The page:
Normally, we'd be telling you why you should be picking up persimmons or some such of-the-moment fresh produce at the market. But we interrupt our regularly scheduled fruit and veg updates to give some love to our favorite ingredient this time of year: butter.
Yeah, we know you can get butter anytime. But as Thanksgiving approaches, it's not only acceptable, but highly encouraged to throw a stick or two of the good stuff into many a dish in your holiday feast. Butter is a tradition unto itself, an ingredient deserving of its own seat at the table.
We love how it makes mashed potatoes sweet and creamy. How a smear can bring life to a simple piece of toast. The feeling of dropping pieces of cold butter into pie dough, or swirling some into a simmering liquid and watching it transform into a smooth, silky sauce. It gives food a richness and roundness that oils simply can't—and for that, we can't get enough of it.
So while we can all agree on butter's golden magnificence, when it comes to the specifics, many a house stand divided: Salted or unsalted? Refrigerate or leave at room temp?
Well, we're all in for the unsalted stuff so we can salt our food liberally with abandon. Our Food Editor Andy Baraghani has a thing for European-style cultured butter: More fat (about 84 percent versus 80 in American varieties) and less moisture result in a denser, creamier butter that doesn't dilute any flavors—and who doesn't want that?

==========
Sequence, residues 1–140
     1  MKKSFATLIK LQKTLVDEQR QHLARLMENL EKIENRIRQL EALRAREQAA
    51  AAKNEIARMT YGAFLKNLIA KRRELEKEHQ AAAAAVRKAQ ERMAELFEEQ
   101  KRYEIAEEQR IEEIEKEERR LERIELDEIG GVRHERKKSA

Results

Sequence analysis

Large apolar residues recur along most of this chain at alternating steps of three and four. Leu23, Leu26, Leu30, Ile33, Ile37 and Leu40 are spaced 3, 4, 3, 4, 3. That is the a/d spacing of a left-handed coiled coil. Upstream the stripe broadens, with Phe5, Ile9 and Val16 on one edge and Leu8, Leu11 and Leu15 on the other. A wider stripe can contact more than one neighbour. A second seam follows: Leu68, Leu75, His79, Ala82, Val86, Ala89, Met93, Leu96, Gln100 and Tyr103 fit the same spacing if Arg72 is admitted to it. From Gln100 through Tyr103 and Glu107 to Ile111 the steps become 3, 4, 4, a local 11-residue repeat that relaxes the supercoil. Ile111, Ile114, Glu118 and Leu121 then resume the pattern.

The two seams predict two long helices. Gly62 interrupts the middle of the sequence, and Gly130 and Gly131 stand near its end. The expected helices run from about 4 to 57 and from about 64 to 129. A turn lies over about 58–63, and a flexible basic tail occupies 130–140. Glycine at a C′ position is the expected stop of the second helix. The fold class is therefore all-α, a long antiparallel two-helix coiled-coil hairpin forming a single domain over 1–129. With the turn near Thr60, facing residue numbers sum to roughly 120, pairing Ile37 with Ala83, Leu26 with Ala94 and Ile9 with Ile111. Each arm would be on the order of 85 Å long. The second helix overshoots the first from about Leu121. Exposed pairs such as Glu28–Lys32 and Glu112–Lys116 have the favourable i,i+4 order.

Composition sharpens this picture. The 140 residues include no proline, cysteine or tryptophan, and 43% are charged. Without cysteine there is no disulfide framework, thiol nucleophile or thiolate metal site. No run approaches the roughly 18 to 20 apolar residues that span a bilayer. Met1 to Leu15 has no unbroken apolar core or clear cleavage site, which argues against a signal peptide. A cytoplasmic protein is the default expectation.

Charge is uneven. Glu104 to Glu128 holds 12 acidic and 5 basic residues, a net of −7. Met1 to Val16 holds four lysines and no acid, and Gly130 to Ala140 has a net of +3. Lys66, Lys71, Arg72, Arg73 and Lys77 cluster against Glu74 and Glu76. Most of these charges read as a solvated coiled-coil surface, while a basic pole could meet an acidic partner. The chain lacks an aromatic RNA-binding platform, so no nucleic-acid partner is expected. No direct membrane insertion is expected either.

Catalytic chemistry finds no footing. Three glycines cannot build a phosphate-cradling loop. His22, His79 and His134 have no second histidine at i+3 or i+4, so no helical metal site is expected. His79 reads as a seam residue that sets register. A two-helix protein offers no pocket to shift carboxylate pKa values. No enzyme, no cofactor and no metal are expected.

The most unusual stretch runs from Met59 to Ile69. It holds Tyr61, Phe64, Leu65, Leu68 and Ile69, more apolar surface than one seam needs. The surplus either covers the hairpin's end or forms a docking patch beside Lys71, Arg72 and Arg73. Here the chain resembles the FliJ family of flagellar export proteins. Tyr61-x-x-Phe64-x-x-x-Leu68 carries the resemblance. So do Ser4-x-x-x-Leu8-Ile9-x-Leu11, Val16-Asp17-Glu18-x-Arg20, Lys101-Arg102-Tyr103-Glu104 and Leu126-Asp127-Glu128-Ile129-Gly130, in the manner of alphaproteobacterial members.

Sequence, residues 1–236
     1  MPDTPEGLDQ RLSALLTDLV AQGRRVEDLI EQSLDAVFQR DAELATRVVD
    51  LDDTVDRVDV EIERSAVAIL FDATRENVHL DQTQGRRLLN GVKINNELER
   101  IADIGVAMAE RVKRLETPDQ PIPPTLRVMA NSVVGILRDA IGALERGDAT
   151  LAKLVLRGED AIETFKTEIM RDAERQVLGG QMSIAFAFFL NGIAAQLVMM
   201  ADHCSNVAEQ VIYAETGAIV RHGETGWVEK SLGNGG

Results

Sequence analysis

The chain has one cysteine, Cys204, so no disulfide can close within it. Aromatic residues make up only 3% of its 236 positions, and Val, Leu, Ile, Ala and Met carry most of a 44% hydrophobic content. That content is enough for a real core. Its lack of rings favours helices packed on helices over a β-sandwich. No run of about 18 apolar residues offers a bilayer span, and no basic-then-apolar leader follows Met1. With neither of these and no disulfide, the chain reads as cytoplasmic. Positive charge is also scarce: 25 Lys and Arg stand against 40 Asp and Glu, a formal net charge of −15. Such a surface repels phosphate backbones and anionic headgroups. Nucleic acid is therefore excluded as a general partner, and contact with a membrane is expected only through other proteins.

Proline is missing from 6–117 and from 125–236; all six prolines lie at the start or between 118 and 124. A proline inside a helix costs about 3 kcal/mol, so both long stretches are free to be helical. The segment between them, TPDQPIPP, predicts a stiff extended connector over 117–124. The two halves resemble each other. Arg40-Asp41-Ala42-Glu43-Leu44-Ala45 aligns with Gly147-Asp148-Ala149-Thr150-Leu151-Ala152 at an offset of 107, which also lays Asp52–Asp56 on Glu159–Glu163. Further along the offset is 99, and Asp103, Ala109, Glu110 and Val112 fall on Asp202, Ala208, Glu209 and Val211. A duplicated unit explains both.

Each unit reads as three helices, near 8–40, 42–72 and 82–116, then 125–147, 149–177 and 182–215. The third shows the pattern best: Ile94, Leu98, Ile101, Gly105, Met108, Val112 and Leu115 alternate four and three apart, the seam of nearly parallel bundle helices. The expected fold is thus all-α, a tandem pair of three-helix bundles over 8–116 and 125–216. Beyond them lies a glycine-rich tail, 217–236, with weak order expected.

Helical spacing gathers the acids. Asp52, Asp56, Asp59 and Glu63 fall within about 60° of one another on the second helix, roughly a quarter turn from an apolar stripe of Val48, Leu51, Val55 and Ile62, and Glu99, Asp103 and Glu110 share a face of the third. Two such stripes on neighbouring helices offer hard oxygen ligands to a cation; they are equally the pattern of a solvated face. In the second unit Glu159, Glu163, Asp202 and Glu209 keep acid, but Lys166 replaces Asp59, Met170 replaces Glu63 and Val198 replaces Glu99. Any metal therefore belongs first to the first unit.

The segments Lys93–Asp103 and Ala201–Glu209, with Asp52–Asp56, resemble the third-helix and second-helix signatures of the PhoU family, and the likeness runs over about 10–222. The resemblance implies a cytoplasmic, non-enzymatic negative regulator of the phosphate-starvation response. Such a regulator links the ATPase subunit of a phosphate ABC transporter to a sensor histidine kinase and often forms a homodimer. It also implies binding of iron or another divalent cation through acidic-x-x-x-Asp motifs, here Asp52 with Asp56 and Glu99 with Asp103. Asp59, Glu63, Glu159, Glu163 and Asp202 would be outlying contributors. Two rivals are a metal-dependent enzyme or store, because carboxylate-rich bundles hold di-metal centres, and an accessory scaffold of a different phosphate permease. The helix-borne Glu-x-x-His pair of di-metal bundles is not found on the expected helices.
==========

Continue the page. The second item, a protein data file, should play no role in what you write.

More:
As for the great fridge debate, it's a draw. Victory goes to the chill for pastry dough (those cold nuggets are crucial) and stovetop cooking to have the most control in the melting process. Leaving butter at room temperature—a practice both revered and feared—is best for spreading. ("Cuts like a knife through butter" isn't a saying for nothing.) No matter how you choose to store butter in your kitchen, house it in a dome once it's out of the package; butter absorbs funky odors a little too easily.
Now that we've gone through the basics, here's how we're making butter even better this season: with brown butter and pecan ice cream (see the recipe) and a smoky chipotle-roasted garlic compound butter (see the recipe).
To make the ice cream, perfect for topping holiday pies, the key is mastering brown butter—butter heated until its milk solids caramelize and turn a warm amber color. It cooks best when it's done with a stick or more, or else it will burn, so this is no time to skimp. Sub it in any recipe that calls for melted butter to add depth of flavor, or fold it into our ice cream, along with some pecans. On the savory side, drizzle it atop roasted squash along with a sprinkle of orange zest.
Compound butters, on the other hand, are a slick, easy way to add flavor to any dish. To make 'em, it's reach for a room-temperature stick. And then it's a choose-your-own-adventure of variations. Our current favorite may be a smoky, garlicky mash-up, but we've been known to top a rib eye with a marrow version or drizzle grilled corn with a miso emulsion. Even just a smattering of whatever finely chopped herbs you have on hand can be folded into your favorite stick.
Of course, we can't talk about butter without mentioning its natural mate: bread. For a bread topper that rivals even the fanciest restaurant offerings, follow Andy's lead and combine cultured butter with a little whipped lardo.
Then simply spread the love.